It will probably still show up as a late pay, but that is far better than a write-off. Before you pay it off tell them that you got into a little of a financial bind and couldn't make payments but now that you can you would like them to remove any indication that you paid late in exchange for payment in full. Try it, it might work. The Fair Credit Reporting Act establishes a method by which the length of time derogatory information, such as charge offs, can show on your credit report. The beginning is the month/year you last paid the account on-time immediately prior to its' default. Nothing can LEGALLY re-set this date. So, whether you pay it, dispute it, or talk to the creditor about it, the "date of last payment" never changes. The account will be shielded from view 7 years after this DOLP. State law establishes a different time period during which a consumer can be sued to recover bad debts. This time period, called the Statute of Limitations, varies from state to state and by the type of debt. There are certain actions (under various state laws), like making payment arrangements, which can reset this date.
Is it for the same account or do you have another account with them?
No, it is illegal, and if you are a victim of this, you can have it removed from your credit report by disputing it with the bureaus. After the statute of limitations is up on any trade line, it can not be placed back on your credit report.
If the account is legitimately yours, then you cannot legally have it removed from your credit report. However, if you paid the collection account off, it should be reported as paid on your credit report. Still, the accounts will not be removed from your credit report for 7 years.
Yes unfortunately they can. Companies today want the charged off account money and will sell it to another agency in order to get this. It will show up on your credit report under another company...so you have 2 listings on your credit report for the original account.
Yes, if the account type is considered a line of credit it will be calculated into your revolving account balance on your credit report.
A credit report will show that an account is either active or settled. If the account is settled, it means that it has been paid and is closed.
This depends only if the creditor originally reported your account to your credit report.
Call the Credit report agency that pulled your credit from the Bureau's and ask them to look at the back of the credit report where it says inquiries.
You can't MAKE a credit card company reopen an account. You can call the credit bureau and request that they change the status to indicate that is was closed by you and not the credit grantor. Or, you can simply put a notation in your credit report stating that the account was closed by you and not the card company.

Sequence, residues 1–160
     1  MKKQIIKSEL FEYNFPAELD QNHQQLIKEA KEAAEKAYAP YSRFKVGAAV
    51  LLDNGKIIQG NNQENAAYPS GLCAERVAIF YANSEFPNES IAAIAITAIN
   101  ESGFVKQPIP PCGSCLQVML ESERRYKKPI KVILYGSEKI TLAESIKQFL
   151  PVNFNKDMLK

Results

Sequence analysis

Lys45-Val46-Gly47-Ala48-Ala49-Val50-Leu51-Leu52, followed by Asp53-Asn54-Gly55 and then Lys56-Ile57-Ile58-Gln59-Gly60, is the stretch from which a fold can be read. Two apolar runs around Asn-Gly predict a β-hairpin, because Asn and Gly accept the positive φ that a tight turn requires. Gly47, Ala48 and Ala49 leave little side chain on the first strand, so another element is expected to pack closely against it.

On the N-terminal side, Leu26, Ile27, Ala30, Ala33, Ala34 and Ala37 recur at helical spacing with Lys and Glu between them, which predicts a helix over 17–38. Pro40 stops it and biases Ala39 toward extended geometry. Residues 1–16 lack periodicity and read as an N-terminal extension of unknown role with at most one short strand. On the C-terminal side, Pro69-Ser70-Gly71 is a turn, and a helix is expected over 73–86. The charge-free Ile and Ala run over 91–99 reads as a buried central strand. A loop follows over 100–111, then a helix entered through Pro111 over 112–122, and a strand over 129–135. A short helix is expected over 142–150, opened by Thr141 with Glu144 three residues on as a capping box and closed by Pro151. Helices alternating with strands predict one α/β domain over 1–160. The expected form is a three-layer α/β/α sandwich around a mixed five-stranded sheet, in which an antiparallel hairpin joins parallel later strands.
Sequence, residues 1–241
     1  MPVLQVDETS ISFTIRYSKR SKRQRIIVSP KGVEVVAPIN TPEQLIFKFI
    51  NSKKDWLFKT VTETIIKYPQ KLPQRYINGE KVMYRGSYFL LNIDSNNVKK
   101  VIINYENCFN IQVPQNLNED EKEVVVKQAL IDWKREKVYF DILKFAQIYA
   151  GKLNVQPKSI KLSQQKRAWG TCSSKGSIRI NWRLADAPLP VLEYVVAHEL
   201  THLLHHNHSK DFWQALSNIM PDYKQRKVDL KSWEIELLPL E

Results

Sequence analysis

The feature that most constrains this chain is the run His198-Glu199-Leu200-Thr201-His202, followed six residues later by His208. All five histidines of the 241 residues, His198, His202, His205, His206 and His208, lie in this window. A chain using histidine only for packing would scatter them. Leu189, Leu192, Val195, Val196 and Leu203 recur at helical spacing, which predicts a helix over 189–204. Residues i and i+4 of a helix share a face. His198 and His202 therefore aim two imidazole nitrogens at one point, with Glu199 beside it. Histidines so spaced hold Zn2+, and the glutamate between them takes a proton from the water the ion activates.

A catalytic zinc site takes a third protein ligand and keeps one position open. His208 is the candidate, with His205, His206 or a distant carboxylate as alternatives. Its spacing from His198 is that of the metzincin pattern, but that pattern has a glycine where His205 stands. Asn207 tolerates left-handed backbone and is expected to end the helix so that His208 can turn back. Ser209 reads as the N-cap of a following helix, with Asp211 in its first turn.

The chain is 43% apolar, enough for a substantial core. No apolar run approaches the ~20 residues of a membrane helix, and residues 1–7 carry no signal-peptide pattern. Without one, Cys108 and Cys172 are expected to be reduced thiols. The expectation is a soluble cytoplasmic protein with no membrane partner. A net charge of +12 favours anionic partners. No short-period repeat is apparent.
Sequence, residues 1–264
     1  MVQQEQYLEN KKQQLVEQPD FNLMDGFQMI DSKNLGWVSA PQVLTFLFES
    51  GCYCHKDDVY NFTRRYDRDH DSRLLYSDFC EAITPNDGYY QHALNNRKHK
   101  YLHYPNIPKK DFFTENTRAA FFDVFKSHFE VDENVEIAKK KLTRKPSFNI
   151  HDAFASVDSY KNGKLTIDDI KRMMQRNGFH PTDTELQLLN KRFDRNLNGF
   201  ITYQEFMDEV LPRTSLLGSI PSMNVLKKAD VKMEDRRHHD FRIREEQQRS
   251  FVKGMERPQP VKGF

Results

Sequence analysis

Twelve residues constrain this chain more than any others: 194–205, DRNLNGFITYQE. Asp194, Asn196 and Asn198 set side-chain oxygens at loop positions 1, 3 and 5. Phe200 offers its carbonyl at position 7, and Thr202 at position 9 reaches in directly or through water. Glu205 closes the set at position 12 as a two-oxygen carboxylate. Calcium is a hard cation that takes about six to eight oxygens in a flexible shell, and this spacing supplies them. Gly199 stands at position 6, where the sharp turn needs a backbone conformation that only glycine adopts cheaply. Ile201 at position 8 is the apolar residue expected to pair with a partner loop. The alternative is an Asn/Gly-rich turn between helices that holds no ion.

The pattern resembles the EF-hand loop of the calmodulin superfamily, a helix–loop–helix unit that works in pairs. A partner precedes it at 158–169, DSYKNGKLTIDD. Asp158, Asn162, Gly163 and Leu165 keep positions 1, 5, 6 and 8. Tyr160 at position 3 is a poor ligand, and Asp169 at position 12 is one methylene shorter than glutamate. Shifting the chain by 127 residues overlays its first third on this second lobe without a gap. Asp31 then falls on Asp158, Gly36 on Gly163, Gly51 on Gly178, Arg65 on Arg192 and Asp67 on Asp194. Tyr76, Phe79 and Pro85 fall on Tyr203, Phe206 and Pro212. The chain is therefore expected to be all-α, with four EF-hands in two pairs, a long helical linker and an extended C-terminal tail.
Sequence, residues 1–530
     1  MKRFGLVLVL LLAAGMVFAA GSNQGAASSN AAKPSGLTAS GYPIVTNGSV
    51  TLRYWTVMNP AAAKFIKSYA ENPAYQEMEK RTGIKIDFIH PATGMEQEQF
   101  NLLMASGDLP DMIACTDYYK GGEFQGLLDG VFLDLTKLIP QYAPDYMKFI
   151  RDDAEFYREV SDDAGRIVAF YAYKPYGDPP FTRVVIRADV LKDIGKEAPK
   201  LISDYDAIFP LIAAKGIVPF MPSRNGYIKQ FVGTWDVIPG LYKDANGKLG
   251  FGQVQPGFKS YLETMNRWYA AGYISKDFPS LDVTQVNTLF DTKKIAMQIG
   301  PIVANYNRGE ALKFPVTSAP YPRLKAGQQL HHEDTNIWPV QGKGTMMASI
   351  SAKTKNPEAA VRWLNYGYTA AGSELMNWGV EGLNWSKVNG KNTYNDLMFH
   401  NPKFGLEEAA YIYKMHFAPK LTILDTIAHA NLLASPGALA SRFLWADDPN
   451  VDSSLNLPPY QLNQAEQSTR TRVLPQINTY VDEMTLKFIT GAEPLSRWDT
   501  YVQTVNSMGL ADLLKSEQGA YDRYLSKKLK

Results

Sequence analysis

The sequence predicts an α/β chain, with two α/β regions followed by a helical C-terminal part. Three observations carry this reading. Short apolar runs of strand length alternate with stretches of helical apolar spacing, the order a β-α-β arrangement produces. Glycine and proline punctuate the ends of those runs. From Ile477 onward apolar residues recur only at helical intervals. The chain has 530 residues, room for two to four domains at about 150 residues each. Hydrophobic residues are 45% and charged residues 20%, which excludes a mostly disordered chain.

Open Account - account listed as "open" on your credit report are accounts that are open, includes all accounts that have been reported within the last 90 days.
Yes, anytime you open a new credit account, even if it is a joint account, it is reported on your credit report either when it is opened or when it is unpaid.
The original account with a normal credit company went to a third party collection agency. Only after it went to the collection agency was the debt paid and then the account closed.
items will remain on your credit report 7 years from the date of last activity. What that means is if the account was already 6 years on your report but it was sold to another company it could remain on your report for another 7 years based on activity
I think that your credit report would be updated to show that the account was "included in a Ch 7 bankruptcy." You should be able to get a free credit report from www.annualcreditreport.com if you want to check your credit report to be sure the account's status is listed correctly.
Forever, since it looks good on your report.
usually this is because the original lender sold the account to a new lender which takes on the loan/debt, but the paper trail is still left on a persons credit report. If a company goes out of business they also liquidate their assets/accounts to another creditor. It also can be because the person did not pay on the account and it was sold to another creditor or a collection company. The most rare case would be that there is a mistake on a persons credit file and should contact the credit report company.
One can get their credit report by contacting their bank or provider. Other options would be to check one's credit account online, by mail or by phone.
Absolutely. Repossession, whether voluntary or involuntary, show on your credit report as a charged off account. This designation is similar to a collection account and shows that you did not repay the vehicle loan. Such a listing in your credit report would have a significant negative impact.
One can request a free credit report from Equifax by going to their website and selecting free credit report. A dedicated agent will help you set up your account.
Yes, your payment history will still be a part of your credit report as well as the Chapter 7.
It happens and can be disputed. Call you credit card company or credit agencies.
Seven years begining six months after payment the account ended. Not when it was bought by a third party collector.